EU contemplates splitting up Google’s advertising operations

The European Commission reckons Google controls too much of the digital advertising ecosystem and that the only remedy may be forced divestments.

Say what you like about the EU but when it decides to look into something it’s usually thorough, albeit at the expense of speed. In sending a Statement of Objections to Google over abusive practices in online advertising technology, the European Commission, which is the executive arm of the bloc, detailed all the ways in which Google dominates the advertising technology industry (adtech for short).

Google doesn’t just sell ads on its own sites, such as Google search and YouTube, it intermediates between advertisers and other media. The adtech tools used in this intermediation include publisher ad servers, ad buying tools, and ad exchanges. Google is involved in all of this via, respectively, DoubleClick For Publishers (DFP), Google Ads and DV 360, and AdX.

The EC allegation is that, through its dominance of both the server and buying spaces, Google is able to distort the market to favour its ad exchange business. Specifically it accuses of the following activities since 2014:

  • Favouring its own ad exchange AdX in the ad selection auction run by its dominant publisher ad server DFP by, for example, informing AdX in advance of the value of the best bid from competitors which it had to beat to win the auction.
  • Favouring its ad exchange AdX in the way its ad buying tools Google Ads and DV360 place bids on ad exchanges. For example, Google Ads was avoiding competing ad exchanges and mainly placing bids on AdX, thus making it the most attractive ad exchange.

“Our preliminary concern is that Google may have used its market position to favour its own intermediation services,” said Margrethe Vestager, EC EVP in charge of competition policy. “Not only did this possibly harm Google’s competitors but also publishers’ interests, while also increasing advertisers’ costs. If confirmed, Google’s practices would be illegal under our competition rules.”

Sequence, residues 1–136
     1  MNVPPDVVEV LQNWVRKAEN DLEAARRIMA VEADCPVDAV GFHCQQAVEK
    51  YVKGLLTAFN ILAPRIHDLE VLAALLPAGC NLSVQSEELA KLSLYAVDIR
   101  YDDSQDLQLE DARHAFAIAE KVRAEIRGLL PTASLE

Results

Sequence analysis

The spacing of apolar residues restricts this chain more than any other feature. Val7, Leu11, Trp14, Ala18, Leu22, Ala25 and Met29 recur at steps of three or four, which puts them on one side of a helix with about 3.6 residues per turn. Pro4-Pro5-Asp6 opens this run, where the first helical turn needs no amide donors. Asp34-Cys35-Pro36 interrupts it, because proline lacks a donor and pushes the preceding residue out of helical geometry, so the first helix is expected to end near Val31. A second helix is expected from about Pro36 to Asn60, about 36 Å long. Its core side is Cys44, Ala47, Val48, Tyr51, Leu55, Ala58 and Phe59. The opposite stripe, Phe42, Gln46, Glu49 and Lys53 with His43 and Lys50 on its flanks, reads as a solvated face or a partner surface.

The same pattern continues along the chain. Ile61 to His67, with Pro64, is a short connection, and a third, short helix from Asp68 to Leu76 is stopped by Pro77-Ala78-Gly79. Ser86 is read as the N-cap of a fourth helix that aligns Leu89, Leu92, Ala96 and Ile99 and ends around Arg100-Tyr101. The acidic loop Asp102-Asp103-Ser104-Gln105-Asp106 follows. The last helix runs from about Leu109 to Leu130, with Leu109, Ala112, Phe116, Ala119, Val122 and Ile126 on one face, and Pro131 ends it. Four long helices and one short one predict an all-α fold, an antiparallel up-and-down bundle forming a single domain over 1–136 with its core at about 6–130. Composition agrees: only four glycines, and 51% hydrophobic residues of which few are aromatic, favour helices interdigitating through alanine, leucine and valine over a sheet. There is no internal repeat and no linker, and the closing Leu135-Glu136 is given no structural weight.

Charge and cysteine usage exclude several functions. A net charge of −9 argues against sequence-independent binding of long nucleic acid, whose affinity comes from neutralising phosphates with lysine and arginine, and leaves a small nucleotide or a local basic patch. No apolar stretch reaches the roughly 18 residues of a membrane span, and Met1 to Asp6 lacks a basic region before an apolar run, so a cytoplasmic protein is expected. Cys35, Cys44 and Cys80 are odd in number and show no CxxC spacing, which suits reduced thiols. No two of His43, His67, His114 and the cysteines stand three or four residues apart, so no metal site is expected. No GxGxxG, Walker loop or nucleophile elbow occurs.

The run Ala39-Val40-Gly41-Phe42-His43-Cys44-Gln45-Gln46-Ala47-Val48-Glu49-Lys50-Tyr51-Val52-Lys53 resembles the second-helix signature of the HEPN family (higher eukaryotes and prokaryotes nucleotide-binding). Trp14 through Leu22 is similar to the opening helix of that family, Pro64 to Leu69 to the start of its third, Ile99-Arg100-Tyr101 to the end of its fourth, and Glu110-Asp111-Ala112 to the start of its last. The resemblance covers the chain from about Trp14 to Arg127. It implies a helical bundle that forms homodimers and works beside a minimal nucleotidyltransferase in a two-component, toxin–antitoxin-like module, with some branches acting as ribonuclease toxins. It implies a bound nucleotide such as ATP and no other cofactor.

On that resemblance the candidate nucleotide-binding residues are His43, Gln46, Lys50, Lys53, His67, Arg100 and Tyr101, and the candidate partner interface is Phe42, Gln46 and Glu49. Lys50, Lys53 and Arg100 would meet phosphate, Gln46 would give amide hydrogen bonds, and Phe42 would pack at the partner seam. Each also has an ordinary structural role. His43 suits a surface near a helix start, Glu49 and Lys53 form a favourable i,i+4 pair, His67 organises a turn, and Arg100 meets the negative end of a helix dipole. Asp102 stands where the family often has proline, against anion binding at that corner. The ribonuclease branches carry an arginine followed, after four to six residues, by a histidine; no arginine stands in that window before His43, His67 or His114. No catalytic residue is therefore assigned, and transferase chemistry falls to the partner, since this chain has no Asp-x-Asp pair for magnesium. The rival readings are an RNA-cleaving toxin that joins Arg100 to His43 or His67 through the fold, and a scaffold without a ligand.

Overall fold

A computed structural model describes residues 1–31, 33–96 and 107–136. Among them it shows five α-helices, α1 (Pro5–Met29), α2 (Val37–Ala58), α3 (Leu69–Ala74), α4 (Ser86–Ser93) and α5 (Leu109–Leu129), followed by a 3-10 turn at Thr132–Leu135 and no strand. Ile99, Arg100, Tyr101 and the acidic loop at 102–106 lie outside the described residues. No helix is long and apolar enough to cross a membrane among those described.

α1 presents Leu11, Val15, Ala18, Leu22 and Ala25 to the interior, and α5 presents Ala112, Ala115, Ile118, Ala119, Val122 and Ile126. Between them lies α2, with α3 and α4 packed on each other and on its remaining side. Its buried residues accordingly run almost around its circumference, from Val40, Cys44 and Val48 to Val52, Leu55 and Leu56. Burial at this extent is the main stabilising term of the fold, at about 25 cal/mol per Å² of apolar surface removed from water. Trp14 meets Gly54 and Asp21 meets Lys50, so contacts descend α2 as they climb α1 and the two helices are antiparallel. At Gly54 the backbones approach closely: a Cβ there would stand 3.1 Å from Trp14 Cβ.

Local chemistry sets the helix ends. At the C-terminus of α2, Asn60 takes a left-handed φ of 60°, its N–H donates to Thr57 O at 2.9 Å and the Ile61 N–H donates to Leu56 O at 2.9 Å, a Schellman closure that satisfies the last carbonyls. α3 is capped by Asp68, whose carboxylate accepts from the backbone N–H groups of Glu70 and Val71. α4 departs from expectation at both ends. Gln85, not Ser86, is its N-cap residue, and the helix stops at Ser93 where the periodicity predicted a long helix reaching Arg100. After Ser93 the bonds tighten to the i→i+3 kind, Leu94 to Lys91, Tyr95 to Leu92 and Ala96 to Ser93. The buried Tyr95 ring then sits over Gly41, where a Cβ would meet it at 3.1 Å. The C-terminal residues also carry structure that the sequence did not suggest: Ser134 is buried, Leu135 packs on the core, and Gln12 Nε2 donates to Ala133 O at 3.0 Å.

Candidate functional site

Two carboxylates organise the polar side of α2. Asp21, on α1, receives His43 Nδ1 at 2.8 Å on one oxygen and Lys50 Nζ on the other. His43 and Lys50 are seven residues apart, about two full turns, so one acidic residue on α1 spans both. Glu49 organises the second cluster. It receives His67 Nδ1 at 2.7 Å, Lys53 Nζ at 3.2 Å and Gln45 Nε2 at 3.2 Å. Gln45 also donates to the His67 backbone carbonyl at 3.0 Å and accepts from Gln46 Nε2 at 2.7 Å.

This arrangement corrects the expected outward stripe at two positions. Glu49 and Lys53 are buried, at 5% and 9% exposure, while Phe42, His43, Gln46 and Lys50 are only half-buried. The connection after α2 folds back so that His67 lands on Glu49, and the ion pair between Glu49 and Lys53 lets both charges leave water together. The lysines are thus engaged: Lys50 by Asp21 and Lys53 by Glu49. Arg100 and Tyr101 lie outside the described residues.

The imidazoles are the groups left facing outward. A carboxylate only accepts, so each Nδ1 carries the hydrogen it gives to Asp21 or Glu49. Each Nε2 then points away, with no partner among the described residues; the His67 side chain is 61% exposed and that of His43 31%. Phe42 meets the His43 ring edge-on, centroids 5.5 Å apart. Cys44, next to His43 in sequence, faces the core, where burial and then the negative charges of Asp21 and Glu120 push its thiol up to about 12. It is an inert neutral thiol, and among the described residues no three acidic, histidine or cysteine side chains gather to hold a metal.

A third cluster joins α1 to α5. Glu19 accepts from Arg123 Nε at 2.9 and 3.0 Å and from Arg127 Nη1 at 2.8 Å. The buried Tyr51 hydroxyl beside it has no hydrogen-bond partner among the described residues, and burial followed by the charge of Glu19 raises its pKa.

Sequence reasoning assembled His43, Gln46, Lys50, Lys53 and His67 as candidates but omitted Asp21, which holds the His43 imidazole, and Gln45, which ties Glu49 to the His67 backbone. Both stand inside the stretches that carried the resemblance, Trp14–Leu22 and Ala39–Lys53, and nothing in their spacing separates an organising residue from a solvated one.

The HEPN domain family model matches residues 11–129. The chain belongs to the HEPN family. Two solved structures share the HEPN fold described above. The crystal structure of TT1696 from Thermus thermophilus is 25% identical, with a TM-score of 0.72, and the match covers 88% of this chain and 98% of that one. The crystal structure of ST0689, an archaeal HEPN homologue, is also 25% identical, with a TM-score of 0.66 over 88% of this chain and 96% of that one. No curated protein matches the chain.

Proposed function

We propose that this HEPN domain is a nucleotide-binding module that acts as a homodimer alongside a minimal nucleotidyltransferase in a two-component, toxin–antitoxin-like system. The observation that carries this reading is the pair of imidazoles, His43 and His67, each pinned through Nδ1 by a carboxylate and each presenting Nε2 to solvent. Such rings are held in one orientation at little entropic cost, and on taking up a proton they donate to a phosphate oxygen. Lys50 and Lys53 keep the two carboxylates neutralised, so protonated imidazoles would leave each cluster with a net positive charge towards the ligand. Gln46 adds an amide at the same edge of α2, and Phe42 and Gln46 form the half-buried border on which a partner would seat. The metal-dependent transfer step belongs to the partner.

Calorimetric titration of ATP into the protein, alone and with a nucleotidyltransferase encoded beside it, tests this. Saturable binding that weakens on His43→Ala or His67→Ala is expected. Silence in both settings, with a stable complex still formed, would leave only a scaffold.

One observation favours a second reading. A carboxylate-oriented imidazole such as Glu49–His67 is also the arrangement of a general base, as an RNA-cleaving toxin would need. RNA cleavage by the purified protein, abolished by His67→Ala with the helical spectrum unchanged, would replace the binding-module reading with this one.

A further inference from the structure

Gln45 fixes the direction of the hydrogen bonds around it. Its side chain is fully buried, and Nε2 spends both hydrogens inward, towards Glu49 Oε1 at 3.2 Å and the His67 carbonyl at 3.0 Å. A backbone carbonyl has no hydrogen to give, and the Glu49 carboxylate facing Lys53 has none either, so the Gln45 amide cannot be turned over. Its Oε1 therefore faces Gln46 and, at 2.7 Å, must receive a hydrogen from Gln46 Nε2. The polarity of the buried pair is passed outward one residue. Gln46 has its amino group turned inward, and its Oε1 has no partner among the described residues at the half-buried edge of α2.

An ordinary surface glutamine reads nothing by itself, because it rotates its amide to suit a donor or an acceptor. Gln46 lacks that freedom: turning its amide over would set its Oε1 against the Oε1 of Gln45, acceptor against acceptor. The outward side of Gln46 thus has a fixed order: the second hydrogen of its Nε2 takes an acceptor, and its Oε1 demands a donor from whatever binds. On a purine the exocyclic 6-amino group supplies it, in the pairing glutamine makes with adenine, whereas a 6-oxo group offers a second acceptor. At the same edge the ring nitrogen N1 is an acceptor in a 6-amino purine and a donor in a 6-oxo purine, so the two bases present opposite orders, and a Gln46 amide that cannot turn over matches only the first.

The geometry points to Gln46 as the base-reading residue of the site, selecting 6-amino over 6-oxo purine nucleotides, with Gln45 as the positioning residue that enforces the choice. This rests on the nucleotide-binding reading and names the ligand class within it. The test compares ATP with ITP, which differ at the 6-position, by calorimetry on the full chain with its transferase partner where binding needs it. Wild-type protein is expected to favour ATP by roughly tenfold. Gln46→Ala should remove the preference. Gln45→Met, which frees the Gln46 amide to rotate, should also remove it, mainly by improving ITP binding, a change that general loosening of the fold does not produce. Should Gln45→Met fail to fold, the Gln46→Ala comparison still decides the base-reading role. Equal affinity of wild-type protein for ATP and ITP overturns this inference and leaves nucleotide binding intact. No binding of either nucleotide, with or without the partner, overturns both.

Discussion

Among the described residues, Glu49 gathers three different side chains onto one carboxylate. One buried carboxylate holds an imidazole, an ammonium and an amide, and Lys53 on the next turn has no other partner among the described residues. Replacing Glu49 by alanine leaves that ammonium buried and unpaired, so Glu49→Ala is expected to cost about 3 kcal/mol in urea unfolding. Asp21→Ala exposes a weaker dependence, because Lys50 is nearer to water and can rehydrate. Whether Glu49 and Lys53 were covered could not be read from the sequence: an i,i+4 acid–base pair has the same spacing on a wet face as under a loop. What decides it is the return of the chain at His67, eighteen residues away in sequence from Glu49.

Google, unsurprisingly, doesn’t concur. In a blog Dan Taylor, Google VP of Global Ads, insisted his company’s motives in this matter are benign, bordering on altruistic. “The digital advertising market enjoys competitive pricing, lively innovation, and robust competition — helping advertisers, publishers, and consumers,” he concluded. “We look forward to showing how our ad tech tools help make the internet open, and accessible — and how breaking them would diminish the availability of free, ad-supported content that benefits everyone.”

There will be plenty of opportunity for Google to defend itself in the likely exhaustive investigation that will follow this preliminary finding. The stakes are high, however, with the EC announcement concluding “The Commission’s preliminary view is therefore that only the mandatory divestment by Google of part of its services would address its competition concerns.”

The specifics of this matter are all somewhat arcane so it’s difficult to get a sense of the extent to which Google exploits its dominant position. A narrative is forming in the US that Europe is increasingly hostile to Silicon Valley but Big Tech is under plenty of domestic regulatory pressure too. Once a company becomes market-dominant its activities are automatically of regulatory concern, so in that respect Silicon Valley is a victim of its own success.


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